Do you agree with this alignment?

Click to view other curriculum aligned to this Performance Expectation
This activity focuses on the following Three Dimensional Learning aspects of NGSS:
Science & Engineering Practices Disciplinary Core Ideas Crosscutting Concepts
Generate and compare multiple solutions to a problem based on how well they meet the criteria and constraints of the design problem.

Alignment agreement:

Research on a problem should be carried out before beginning to design a solution. Testing a solution involves investigating how well it performs under a range of likely conditions.

Alignment agreement:

At whatever stage, communicating with peers about proposed solutions is an important part of the design process, and shared ideas can lead to improved designs.

Alignment agreement:

Engineers improve existing technologies or develop new ones to increase their benefits, to decrease known risks, and to meet societal demands.

Alignment agreement:

NGSS Performance Expectation

3-5-ETS1-3. Plan and carry out fair tests in which variables are controlled and failure points are considered to identify aspects of a model or prototype that can be improved. (Grades 3 - 5)

Do you agree with this alignment?

Click to view other curriculum aligned to this Performance Expectation
This activity focuses on the following Three Dimensional Learning aspects of NGSS:
Science & Engineering Practices Disciplinary Core Ideas Crosscutting Concepts
Plan and conduct an investigation collaboratively to produce data to serve as the basis for evidence, using fair tests in which variables are controlled and the number of trials considered.

Alignment agreement:

Use a model to test interactions concerning the functioning of a natural system.

Alignment agreement:

Tests are often designed to identify failure points or difficulties, which suggest the elements of the design that need to be improved.

Alignment agreement:

Different solutions need to be tested in order to determine which of them best solves the problem, given the criteria and the constraints.

Alignment agreement:

  • Participate in shared research and writing projects (e.g., read a number of books on a single topic to produce a report; record science observations). (Grade 2) More Details

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  • Students will develop an understanding of the characteristics and scope of technology. (Grades K - 12) More Details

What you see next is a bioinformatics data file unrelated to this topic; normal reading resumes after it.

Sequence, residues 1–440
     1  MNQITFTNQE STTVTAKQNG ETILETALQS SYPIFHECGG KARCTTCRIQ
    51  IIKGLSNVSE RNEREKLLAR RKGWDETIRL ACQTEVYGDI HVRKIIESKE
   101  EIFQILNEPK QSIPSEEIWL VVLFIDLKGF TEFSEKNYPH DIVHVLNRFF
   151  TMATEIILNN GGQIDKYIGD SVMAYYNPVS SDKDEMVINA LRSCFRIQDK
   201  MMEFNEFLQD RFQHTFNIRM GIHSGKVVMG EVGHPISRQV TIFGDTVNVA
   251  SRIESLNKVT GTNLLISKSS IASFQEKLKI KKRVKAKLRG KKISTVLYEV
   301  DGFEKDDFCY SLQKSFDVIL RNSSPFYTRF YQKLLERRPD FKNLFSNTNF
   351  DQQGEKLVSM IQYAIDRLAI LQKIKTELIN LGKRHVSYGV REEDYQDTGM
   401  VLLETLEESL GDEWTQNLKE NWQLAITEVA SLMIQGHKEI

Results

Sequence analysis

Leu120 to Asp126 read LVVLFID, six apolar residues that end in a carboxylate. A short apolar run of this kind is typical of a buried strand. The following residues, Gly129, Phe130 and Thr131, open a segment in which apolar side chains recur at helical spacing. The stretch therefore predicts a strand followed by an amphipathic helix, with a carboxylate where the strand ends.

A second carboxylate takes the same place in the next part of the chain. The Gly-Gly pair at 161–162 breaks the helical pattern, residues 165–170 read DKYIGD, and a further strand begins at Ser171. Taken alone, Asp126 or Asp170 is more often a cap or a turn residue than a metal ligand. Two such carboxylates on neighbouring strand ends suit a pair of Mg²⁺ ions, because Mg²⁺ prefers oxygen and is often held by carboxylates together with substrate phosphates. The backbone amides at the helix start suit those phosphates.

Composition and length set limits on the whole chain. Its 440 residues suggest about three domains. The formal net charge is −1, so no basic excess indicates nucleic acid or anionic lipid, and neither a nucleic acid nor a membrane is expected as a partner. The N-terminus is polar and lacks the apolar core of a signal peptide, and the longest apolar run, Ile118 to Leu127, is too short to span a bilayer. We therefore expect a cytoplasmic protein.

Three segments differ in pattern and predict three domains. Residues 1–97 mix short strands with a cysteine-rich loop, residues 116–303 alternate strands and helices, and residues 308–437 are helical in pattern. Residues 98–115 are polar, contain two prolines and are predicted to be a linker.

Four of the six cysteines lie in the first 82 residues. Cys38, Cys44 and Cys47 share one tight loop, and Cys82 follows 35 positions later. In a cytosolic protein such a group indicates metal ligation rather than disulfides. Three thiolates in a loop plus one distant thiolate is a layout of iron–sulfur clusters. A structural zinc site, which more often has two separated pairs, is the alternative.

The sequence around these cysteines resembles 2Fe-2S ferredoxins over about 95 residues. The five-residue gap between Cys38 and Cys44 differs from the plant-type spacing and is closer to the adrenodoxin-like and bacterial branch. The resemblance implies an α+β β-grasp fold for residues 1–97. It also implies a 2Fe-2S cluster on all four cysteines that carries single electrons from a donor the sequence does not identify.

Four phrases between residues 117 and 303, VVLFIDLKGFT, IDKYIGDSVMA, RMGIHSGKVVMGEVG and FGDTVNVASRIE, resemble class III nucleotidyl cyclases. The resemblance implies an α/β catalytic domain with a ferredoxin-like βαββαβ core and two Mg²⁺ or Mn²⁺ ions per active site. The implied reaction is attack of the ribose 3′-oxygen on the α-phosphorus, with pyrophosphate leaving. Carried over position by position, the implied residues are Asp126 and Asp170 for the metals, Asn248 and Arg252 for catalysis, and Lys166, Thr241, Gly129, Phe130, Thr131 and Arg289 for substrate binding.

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  • Students will develop an understanding of the core concepts of technology. (Grades K - 12) More Details

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  • Students will develop an understanding of the role of society in the development and use of technology. (Grades K - 12) More Details

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  • Students will develop an understanding of the attributes of design. (Grades K - 12) More Details

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  • Students will develop an understanding of engineering design. (Grades K - 12) More Details

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  • Students will develop an understanding of the role of troubleshooting, research and development, invention and innovation, and experimentation in problem solving. (Grades K - 12) More Details

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  • Students will develop abilities to apply the design process. (Grades K - 12) More Details

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  • Participate in collaborative conversations with diverse partners about grade 2 topics and texts with peers and adults in small and larger groups.
    1. Follow agreed-upon rules for discussions (e.g., gaining the floor in respectful ways, listening to others with care, speaking one at a time about the topics and texts under discussion).
    2. Build on others' talk in conversations by linking their comments to the remarks of others.
    3. Ask for clarification and further explanation as needed about the topics and texts under discussion.
    (Grade 2) More Details